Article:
As for the mode‐coupling theory, the radical perspective taken by the dynamical facilitation approach (Garrahan and Chandler, 2010) is that the main characteristics (p.53) of glass‐forming liquids can be described by purely dynamical arguments. Building on the observation that the static pair correlations change only weakly with temperature and that the associated correlation length always stays of the order of the molecular diameter, this approach indeed assumes that, after some suitable coarse graining, static correlations become negligible and that, accordingly, thermodynamics is trivial. In this picture, glassiness, cooperativity and heterogeneity in the dynamics result from effective kinetic constraints that emerge at low enough temperature when mobility in a supercooled liquid is concentrated in rare localized regions, the rest of the system being essentially frozen. Such “mobility defects” are taken as the effective degrees of freedom that, together with the postulated kinetic rules that constrain their motion, form the basis of the theoretical description. “Facilitation” in this context means that mobility defects trigger mobility in neighboring regions.
This general scenario has led to the formulation of families of models generically referred to as “kinetically constrained models”(Ritort and Sollich, 2003). These models rest on a hamiltonian for non‐interacting variables (spins or particles on a lattice) combined with specific constraints on the allowed moves of any such variable. These constraints involve a dependence on the local neighborhood, e.g. a particle can hop to a different site only if the number of nearest neighbors at the original and the target sites is less than a fixed threshold value. These models are sufficiently tractable to allow detailed analytical and numerical calculations. It has been shown that cooperativity of the relaxation, with a super‐Arrhenius temperature dependence of the relaxation time, is a property of many of the models and that heterogeneity of the dynamics naturally emerges as a central feature of all models. The kinetically constrained models qualitatively reproduce many aspects of the slow dynamics of glass‐forming liquids, but, more specifically, they provide a consistent picture of the dynamical heterogeneities in a space‐time setting (Garrahan and Chandler, 2002; Ritort and Sollich, 2003; Garrahan and Chandler, 2010).
Beyond the variety of models and associated behaviors, it has been suggested that the apparent universality of the dynamical properties in glass‐forming systems could come from the existence of a dynamical critical point at zero temperature (Whitelam et al., 2004, 2005; Jack and Mayer, 2006; Garrahan et al., 2007; Hedges et al., 2009). Dynamical scaling analysis can then be organized about this zero‐temperature singularity. For instance, inspired by the low‐T behavior of some “hierarchical” kinetically constrained models (Jäckle and Eisinger, 1991), Garrahan and Chandler (Garrahan and Chandler, 2003, 2010) have proposed to describe the super‐Arrhenius temperature dependence of glass‐forming liquids by a Bässler‐type expression (Bässler, 1987),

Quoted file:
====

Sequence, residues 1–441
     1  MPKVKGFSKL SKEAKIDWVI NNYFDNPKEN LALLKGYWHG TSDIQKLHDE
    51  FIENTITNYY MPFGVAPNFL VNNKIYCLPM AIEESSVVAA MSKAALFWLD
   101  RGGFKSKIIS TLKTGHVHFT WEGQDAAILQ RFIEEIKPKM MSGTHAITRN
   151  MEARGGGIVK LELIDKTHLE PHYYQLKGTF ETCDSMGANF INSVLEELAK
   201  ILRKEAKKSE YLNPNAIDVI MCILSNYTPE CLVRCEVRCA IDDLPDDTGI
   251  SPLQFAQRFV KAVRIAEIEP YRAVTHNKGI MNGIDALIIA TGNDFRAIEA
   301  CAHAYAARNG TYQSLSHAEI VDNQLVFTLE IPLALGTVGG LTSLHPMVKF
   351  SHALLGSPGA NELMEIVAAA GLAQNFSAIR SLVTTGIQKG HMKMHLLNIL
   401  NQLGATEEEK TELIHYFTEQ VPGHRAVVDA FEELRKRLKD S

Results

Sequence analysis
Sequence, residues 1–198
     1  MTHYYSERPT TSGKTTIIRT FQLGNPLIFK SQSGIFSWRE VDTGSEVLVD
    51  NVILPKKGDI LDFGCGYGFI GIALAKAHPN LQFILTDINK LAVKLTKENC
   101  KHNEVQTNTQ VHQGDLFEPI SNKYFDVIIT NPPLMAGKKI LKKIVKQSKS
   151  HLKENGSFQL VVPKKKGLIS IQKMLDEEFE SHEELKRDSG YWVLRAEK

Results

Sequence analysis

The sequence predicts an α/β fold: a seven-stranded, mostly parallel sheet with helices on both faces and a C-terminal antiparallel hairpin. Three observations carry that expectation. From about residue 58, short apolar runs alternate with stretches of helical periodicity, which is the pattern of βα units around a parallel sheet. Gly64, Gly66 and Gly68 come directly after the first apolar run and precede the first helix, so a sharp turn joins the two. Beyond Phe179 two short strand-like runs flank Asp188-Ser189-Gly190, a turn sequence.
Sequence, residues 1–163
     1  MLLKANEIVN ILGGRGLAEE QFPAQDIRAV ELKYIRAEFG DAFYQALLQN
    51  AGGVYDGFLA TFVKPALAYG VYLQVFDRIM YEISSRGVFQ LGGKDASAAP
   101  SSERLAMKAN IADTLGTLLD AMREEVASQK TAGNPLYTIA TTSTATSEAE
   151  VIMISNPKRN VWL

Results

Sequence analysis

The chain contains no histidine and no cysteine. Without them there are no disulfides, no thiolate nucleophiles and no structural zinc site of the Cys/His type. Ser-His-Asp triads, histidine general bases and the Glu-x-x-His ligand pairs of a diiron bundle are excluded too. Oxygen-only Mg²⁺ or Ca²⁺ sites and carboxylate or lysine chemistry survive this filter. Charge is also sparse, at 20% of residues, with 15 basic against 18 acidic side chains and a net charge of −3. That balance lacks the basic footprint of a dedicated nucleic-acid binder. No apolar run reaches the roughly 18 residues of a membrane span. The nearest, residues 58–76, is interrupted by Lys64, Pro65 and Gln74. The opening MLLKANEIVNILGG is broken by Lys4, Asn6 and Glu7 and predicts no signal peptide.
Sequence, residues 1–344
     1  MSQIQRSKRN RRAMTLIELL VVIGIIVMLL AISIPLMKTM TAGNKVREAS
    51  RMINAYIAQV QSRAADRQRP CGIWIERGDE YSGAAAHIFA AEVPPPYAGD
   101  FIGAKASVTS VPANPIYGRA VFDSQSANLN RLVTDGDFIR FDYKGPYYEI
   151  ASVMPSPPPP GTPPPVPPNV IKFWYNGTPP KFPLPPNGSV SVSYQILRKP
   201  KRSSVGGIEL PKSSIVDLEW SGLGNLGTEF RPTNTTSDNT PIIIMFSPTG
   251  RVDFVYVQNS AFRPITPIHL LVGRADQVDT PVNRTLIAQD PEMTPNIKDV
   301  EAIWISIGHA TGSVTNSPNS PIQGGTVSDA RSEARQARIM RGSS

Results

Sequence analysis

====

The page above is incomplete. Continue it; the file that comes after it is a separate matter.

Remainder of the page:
The facilitation approach puts the emphasis on a space‐time picture of glassy dynamics. At a descriptive level, dynamical heterogeneities in glass‐forming liquids can be for instance associated to the proximity to a first‐order non‐equilibrium transition (p.54) in trajectory space that is characterized by the coexistence of a mobile and an immobile phase (Garrahan et al., 2007; Hedges et al., 2009) (see Section 2.3.4).
As with most theories (with the possible exception of the mode‐coupling theory discussed above), the present approach comes up against the difficulty of deriving rather idealized models from realistic systems. This is by no means benign. For instance, the simple assumption that mobility is conserved, i.e. that there is no spontaneous appearance or disappearance of mobility defects, is questionable (Candelier et al., 2009). More importantly, the facilitation approach cannot address the aspects of the glass‐forming phenomenology that involve thermodynamics (e.g., the behavior of the entropy and of the heat capacity (Biroli et al., 2005)) nor the non‐trivial static correlations that are argued to accompany the increase of relaxation time in fragile glass formers (see above).
2.5 Theories based on an underlying thermodynamic or static transition
In this section will be considered theoretical approaches that relate the (hypothesized) collective behavior of glass‐forming systems and associated universality to underlying thermodynamic or static critical points. I will stress those theories that are amenable to a genuine statistical‐mechanical treatment and involve effective hamiltonian models. However, before doing so, it is worth mentioning two phenomenological pictures, the free‐volume and the configurational‐entropy models, as they have been influential for the thinking on the glass transition, and are still commonly used to rationalize data on liquids and polymers at a semiempirical level.
2.5.1 Free‐volume and configurational‐entropy models: unreachable transition points at T0 〈 Tg
Free‐volume models rest on the assumption that molecular transport in viscous fluids only occurs when voids having a volume large enough to accommodate a molecule form by the redistribution of some “free volume” (Cohen and Turnbull, 1959; Turnbull and Cohen, 1961; Grest and Cohen, 1981). The latter is loosely defined as some surplus volume that is not taken up by the molecules. In the standard presentation, a molecule in a dense fluid is mostly confined to a cage formed by its nearest neighbors and the local free volume v f is that part of a cage space that exceeds the volume taken by a molecule. It is then assumed that between two events contributing to molecular transport, a reshuffling of free volume among the cages occurs at no cost of energy and that the local free volumes are statistically uncorrelated. This leads to an expression for the viscosity